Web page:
How to NOT execute a fantastic premises.  Transgender and intersex are two separate concepts that need to be dealt with properly and sensitively.  This book muddles both of these subject matters and has a main character I just can’t sympathize with.

I still can’t figure out this book.  And I don’t think I really want to.  It was that bad.  I kept reading it though because…I don’t know.  I thought it had to get better.


1)You’re Forgettable

Honestly, sometimes I forget about series and when I hear the next installment is out I’m like-oh, that’s nice.  Never a good way to keep the interest.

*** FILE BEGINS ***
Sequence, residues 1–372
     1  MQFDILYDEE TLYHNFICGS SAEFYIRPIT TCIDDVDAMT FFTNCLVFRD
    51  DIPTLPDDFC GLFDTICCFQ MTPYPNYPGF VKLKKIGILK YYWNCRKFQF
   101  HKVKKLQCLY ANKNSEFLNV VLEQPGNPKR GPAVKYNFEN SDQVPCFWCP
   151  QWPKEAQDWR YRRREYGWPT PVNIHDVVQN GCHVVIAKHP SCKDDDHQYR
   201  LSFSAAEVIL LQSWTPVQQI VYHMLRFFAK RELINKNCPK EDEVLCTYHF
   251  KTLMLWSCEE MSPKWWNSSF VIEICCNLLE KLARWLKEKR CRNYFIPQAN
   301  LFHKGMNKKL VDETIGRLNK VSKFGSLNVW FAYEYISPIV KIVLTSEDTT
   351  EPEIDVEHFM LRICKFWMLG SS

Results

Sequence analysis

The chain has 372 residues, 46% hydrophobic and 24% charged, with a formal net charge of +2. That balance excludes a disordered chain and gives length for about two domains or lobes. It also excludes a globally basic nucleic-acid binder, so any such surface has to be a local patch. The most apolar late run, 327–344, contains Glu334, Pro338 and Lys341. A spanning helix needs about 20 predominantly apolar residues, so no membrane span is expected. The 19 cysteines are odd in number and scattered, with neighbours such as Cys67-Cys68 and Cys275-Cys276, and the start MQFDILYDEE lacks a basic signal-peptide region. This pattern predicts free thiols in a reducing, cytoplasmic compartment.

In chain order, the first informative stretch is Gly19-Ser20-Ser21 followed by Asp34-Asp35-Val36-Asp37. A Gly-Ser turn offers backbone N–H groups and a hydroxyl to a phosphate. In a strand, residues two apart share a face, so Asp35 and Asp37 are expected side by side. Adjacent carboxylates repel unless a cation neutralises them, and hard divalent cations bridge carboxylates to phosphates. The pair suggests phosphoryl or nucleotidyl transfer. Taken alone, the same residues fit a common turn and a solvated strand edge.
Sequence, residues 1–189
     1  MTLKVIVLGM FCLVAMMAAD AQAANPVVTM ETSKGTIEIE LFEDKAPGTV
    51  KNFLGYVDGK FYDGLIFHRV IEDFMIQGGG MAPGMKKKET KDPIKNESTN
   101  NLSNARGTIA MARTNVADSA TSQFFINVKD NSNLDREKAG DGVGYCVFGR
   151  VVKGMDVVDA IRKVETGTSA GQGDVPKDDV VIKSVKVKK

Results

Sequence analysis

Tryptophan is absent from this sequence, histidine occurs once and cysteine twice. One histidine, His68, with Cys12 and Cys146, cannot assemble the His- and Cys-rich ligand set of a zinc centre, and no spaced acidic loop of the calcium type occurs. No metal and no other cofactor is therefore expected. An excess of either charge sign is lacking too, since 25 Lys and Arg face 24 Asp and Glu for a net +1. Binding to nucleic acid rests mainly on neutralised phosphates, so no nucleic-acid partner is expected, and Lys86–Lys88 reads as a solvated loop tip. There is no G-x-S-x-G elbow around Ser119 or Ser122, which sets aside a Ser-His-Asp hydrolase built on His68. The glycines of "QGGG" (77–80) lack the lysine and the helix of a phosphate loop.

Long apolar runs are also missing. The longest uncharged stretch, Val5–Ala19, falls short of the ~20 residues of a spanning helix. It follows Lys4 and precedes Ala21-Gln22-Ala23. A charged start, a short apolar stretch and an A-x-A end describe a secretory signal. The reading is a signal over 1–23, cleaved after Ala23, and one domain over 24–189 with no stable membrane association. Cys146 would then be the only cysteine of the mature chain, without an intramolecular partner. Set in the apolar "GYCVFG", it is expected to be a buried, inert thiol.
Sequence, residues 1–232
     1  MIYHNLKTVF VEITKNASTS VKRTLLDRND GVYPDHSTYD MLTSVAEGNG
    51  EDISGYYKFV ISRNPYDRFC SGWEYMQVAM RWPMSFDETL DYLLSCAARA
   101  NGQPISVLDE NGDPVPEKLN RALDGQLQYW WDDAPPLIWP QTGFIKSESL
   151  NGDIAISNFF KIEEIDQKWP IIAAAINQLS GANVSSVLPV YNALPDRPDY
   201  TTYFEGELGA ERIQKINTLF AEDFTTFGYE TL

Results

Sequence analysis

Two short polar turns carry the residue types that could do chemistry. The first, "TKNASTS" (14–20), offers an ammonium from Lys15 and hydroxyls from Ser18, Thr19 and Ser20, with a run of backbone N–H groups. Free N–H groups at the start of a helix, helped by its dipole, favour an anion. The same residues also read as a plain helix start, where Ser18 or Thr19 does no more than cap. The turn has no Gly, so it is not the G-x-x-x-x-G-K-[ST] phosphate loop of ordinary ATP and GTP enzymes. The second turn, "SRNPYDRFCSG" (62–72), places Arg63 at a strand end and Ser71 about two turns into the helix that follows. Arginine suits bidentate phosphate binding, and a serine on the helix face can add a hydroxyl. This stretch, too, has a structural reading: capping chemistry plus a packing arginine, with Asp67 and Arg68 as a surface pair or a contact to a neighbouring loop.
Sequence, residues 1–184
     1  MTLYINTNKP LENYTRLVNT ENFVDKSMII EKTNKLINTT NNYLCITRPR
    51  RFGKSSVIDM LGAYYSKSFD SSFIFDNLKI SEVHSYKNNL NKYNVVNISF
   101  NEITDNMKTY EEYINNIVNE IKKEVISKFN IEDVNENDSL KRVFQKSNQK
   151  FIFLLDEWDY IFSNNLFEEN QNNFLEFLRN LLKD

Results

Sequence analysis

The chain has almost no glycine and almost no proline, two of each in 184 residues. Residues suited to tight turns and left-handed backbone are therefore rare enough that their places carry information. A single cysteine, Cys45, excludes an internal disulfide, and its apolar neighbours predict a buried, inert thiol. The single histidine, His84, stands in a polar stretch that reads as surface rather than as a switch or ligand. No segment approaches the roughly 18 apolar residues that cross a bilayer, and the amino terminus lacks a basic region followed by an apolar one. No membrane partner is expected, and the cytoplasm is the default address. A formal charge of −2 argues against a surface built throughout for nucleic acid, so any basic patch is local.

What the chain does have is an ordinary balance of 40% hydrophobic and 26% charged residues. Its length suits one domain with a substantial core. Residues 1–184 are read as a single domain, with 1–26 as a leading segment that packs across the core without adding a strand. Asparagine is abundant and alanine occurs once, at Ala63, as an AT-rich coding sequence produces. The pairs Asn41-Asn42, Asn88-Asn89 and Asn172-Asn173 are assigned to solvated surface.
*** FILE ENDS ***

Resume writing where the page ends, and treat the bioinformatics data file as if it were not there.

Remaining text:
2) I Can Predict What’s Going to Happen:

Obviously, what’s the point of continuing.

3) There are Too Many Books/Spinoffs/Etc to Care at this Point:

Even the best series need to have a definitive ending.  Unless they’re like a soap opera then they should never be canceled because their soap operas (RIP All My Children and One Life to Live, I am still not over your cancellation and crappy epic fail of a reboot with that idiot from High School Musical).  Books aren’t soaps though.  And I really don’t want to be reading about the same characters ten years trying to solve the same problem and going after the same guy.  At least in soap opera world they would’ve had a baby, a couple of back from the deads, and maybe a recast or two.

4) Budgets: